Dismiss Notice
Join Physics Forums Today!
The friendliest, high quality science and math community on the planet! Everyone who loves science is here!

Feynman and Time

  1. Apr 21, 2004 #1
    Can I run something by you all please?

    Feynman asks us to believe that calculating where a photon goes involves us suspending our perception of nature, and that only by working out every path it could take are we able to actually work out where it will end up.

    We're also told that time slows down the faster things go, so photons travelling near the speed of light experience no time.

    Is this why we have to consider every possible path a photon travels to work out where it ends up? Is it because it's got all the time in the universe, and actually does go everywhere, interfering with itself in the world as we perceive it?
     
  2. jcsd
  3. Apr 21, 2004 #2

    selfAdjoint

    User Avatar
    Staff Emeritus
    Gold Member
    Dearly Missed

    The path integral method of Feynmann is not connected to the time dilation of special relativity. In fact when Feynmann first published his method, it "didn't do" relativity; it applied to non-relativistic quantum mechanics. It was a German physicist, Wick, who showed how to use a mathematical device (replacing t by [tex] i\tau [/tex] plus analytic continuation), to make Feynmann's integrations converge in relativistic spacetime.
     
  4. Apr 21, 2004 #3

    turin

    User Avatar
    Homework Helper

    I suspect not. It is my understanding that the photon actually takes all possible paths due to uncertainty. First, we need to decide what we're talking about when we say "photon." If this is an amount of propagated electromagnetic energy, then what is the spread we allow? If we require that the energy is at a definite value, then we arrive at a definite magnitude for momentum. This leads to quite an uncertainty in position. I don't know all that much about it, though.
     
  5. Apr 21, 2004 #4
    you cannot say or know anything about a photon in between the time it is emitted and the time it is absorbed. it is a crazy world.
     
  6. Apr 22, 2004 #5

    TeV

    User Avatar

    Yup!The Feynmann method is excellent for calculation of the result of processes.That was trully example of a quantum physicist's work motto "shut up and calculate!". But if one starts think about details and what happens underneath ,nasty question arrive to his mind.
    time-emit-time-emit/emit-time-time-emit/emittime/
    This is a little english word palindrom game appropriate to introduce when thinking over Feynman method (read backwards) :smile:
     
  7. Apr 22, 2004 #6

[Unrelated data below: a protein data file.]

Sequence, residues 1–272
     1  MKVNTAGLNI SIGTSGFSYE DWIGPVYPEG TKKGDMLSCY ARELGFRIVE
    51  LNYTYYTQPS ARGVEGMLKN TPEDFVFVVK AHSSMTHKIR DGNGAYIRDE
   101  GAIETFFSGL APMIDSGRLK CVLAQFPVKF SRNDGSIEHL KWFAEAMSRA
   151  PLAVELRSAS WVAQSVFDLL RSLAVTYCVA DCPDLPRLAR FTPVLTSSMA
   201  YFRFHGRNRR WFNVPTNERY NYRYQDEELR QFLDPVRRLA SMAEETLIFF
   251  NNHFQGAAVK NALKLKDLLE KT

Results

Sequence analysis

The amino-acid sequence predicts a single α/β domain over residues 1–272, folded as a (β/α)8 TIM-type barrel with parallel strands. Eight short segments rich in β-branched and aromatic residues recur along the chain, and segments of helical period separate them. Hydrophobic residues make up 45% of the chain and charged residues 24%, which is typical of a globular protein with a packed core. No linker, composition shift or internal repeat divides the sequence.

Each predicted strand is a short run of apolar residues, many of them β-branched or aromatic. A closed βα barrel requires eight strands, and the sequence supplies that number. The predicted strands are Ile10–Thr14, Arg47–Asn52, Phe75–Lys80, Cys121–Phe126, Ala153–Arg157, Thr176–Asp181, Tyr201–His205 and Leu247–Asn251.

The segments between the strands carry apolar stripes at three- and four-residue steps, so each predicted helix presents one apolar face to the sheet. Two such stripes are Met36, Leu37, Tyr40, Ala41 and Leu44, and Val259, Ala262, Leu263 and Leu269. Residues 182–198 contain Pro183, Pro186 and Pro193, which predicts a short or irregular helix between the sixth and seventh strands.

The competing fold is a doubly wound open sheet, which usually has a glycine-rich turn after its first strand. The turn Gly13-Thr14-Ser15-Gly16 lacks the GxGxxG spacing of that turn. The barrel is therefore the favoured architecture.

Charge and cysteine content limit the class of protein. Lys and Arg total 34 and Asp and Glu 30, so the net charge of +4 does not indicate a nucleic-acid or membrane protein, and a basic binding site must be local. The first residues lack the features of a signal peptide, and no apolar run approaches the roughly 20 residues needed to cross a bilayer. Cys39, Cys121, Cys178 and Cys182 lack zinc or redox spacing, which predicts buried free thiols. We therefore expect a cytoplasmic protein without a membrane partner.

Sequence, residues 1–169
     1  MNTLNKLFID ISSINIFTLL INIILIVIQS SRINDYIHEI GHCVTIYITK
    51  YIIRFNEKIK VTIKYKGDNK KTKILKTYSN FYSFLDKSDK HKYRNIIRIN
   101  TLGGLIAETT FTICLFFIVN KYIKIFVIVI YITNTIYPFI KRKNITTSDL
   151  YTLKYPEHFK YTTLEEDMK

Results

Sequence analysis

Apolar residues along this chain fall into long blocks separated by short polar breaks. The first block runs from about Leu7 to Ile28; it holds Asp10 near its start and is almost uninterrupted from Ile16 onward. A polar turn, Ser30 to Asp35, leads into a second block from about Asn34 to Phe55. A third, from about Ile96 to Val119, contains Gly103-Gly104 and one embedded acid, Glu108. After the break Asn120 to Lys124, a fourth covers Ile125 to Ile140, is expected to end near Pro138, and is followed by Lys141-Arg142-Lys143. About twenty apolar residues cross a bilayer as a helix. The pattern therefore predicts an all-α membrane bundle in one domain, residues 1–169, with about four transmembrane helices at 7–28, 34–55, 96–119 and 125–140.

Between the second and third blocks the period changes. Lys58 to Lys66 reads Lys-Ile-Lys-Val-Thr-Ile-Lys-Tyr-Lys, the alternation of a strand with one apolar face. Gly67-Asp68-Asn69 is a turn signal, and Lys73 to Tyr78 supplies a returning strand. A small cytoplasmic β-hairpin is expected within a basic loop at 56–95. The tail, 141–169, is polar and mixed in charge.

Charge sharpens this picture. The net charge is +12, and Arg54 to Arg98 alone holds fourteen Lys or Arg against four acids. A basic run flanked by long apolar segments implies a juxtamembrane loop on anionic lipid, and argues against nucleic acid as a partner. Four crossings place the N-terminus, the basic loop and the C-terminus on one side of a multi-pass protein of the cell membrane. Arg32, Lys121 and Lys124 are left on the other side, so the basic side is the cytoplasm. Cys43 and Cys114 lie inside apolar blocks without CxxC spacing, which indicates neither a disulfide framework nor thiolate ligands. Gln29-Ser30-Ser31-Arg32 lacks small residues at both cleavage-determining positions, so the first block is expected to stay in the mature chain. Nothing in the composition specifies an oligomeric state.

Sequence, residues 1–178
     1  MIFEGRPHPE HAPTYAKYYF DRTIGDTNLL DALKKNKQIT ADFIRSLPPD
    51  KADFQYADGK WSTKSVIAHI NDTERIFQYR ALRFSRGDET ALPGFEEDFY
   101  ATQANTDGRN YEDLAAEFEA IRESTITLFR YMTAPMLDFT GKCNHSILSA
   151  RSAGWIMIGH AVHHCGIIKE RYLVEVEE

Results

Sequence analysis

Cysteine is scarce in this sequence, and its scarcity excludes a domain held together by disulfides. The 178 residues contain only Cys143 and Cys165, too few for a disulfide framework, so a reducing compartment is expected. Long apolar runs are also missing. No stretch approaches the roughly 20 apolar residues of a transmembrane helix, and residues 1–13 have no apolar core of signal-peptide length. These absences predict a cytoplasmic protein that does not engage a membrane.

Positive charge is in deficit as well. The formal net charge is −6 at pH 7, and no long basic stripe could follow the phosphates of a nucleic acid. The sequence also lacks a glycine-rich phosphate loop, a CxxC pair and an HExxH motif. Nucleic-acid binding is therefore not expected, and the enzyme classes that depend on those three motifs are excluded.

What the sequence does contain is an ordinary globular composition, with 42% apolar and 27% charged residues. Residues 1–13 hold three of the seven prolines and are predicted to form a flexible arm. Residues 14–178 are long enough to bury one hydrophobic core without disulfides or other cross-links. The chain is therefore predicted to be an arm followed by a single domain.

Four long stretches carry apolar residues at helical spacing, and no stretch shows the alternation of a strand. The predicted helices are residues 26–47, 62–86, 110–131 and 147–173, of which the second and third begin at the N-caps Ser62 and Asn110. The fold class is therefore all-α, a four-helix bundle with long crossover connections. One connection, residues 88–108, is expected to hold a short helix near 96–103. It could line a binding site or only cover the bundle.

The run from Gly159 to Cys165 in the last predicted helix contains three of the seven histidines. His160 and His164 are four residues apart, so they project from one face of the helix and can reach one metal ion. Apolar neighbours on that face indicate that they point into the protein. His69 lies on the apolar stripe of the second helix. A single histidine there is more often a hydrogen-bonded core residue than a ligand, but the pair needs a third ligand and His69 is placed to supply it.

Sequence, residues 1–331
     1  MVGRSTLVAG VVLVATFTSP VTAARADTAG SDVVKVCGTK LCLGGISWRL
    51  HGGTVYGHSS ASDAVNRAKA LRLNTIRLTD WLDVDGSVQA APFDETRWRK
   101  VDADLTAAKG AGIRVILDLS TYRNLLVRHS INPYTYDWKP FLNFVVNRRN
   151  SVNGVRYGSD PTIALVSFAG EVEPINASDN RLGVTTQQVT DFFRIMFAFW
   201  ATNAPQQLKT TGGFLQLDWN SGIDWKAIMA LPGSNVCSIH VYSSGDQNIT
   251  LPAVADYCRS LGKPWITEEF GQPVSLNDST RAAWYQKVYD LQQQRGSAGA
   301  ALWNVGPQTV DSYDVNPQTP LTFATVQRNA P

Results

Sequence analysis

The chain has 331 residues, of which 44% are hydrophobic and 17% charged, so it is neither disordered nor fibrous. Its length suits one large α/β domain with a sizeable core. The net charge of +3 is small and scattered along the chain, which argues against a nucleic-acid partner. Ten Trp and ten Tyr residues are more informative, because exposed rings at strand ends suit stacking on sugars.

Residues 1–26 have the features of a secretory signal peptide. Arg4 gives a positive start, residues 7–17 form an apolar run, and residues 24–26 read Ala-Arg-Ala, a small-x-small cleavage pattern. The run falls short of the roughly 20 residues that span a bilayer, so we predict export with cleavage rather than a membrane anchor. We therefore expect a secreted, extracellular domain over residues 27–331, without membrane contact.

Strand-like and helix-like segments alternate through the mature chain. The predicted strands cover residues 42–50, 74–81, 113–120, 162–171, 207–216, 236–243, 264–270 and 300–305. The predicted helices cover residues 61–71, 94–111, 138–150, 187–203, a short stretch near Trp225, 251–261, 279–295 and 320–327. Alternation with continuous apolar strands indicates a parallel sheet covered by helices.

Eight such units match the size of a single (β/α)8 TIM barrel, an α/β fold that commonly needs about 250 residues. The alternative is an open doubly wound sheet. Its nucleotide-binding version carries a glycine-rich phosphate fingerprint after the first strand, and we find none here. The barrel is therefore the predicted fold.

What if the photon physically splits into smaller photons which really do take all the Feynman paths simulataneously?
     
  8. Apr 22, 2004 #7

    ZapperZ

    User Avatar
    Staff Emeritus
    Science Advisor
    Education Advisor

    I think that the one thing that is missing in this discussion about Feynman's path integral method is that this technique has very strong underpinnings based on the CLASSICAL mechanics principle of least action. The Lagrangian/Hamiltonian approach to classical mechanics came logically out of this principle. Unless one spend time to understand that first, then Feynman's path integral method may appear odd or as if it came out of nowhere.

    http://www.eftaylor.com/pub/FmaAJPguest5.pdf

    Zz.
     
  9. Apr 22, 2004 #8

    selfAdjoint

    User Avatar
    Staff Emeritus
    Gold Member
    Dearly Missed

    Huygen's principle in fact, was said to be its inspiration.
     
  10. Apr 22, 2004 #9

    ZapperZ

    User Avatar
    Staff Emeritus
    Science Advisor
    Education Advisor

    Actually, the "action" in least action principle can have several meanings. It depends on what quantity in a particular problem that you want to "minimize". In Huygen's and Fermat's least time, it is the time quantity that you want to find the stationary solutions for. Thus, the principle of least action when applied to optics now becomes the principle of least time. This then gives you the classical trajectory of light paths across various index of refraction materials.

    Zz.
     
  11. Apr 22, 2004 #10
    Don't think it needs to do that. If it travels at the speed of light through space, but the speed of zero through time then it could go on every path; it's got all the time in the universe to do so. ... ?
     
Know someone interested in this topic? Share this thread via Reddit, Google+, Twitter, or Facebook

Have something to add?



Similar Discussions: Feynman and Time
  1. Feynman diagram (Replies: 2)

  2. Feynman on reflection (Replies: 3)

  3. Feynman Diagrams (Replies: 2)

  4. Feynman rules (Replies: 0)

Loading...